Psychological services are best provided in an atmosphere of trust. You expect me to be honest with you about your problems and progress. I expect you to be honest with me about your expectations for services, your compliance with medication, and any other barriers to your progress.
I will treat with great care all the information you share with me. It is your legal right that our sessions and my records about you be kept private. That is why I ask you to sign a "release-of-records" form before I can talk about you or send my records about you to anyone else. In general, I will tell no one what you tell me. I will not even reveal that you are seeing me.
In all but a few rare situations, your confidentiality (that is, your privacy) is protected by state law and by the rules of my profession. Here are the most common cases in which confidentiality is not protected:
1. If you were sent to me by a court for evaluation or treatment, the court expects a report from me. If this is your situation, please talk with me before you tell me anything you do not want the court to know. You have a right to tell me only what you are comfortable with telling.
2. Are you suing someone or being sued? Are you being charged with a crime? If so, and you tell the court that you are seeing me, I may then be ordered to show the court my records. Please consult your lawyer about these issues.
3. If you make a serious threat to harm yourself or another person, the law requires me to try to protect you or that other person. This usually means telling others about the threat. I cannot promise never to tell others about threats you make.
4. If I believe a child has been or will be abused or neglected, I am legally required to report this to the authorities.
T here are two situations in which I might talk about part of your case with another therapist. I ask now for your understanding and agreement to let me do so in these two situations:
First, when I am away from the office for a few days, I have a trusted fellow therapist "cover" for me. This therapist will be available to you in emergencies. Therefore, he or she needs to know about you. Generally, I will tell this therapist only what he or she would need to know for an emergency. Of course, this therapist is bound by the same laws and rules as I am to protect your confidentiality.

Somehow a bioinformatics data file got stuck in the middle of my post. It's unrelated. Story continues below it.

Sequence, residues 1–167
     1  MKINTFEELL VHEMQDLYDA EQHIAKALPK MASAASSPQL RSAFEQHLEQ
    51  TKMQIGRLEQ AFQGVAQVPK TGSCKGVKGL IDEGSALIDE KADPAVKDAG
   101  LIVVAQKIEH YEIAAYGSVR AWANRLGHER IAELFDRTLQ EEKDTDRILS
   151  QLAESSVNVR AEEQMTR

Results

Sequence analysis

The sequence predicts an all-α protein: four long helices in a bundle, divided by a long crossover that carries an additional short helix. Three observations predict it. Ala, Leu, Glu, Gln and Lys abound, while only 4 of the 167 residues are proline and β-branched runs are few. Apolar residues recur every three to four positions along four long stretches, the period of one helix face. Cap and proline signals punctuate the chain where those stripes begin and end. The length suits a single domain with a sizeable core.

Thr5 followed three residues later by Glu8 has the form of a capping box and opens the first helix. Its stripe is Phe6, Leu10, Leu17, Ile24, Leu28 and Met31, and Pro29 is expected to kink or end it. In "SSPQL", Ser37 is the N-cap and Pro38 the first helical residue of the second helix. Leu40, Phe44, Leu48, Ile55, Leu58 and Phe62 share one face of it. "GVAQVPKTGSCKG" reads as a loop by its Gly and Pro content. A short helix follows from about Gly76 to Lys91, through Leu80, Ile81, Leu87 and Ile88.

Second, I sometimes consult other therapists or other professionals about my clients. This helps me in giving high-quality treatment. These persons are also required to keep your information private. Your name will never be given to them, and they will be told only as much as they need to know to understand your situation.
Except for the situations I have described above, I will always maintain your privacy. I also ask you not to disclose the name or identity of any other client being seen in this office.
I make every effort to keep the names and records of clients private. I will try never to use your name on the telephone; other clients may be in the office and overhear it.
If your records need to be seen by another professional, or anyone else, I will discuss it with you. If you agree to share these records, you will need to sign a release form. This form states exactly what information is to be shared, with whom and why, and it also sets time limits. You may read this form at any time. If you have questions, please ask me.
It is my office policy to retain clients' records for 5 years after the end of our therapy. If we do family or couple therapy (where there is more than one client), and you want to have my records of this therapy sent to anyone, all of the adults present will have to sign a release.
I will continue to protect the confidentiality of our work together after the client is deceased.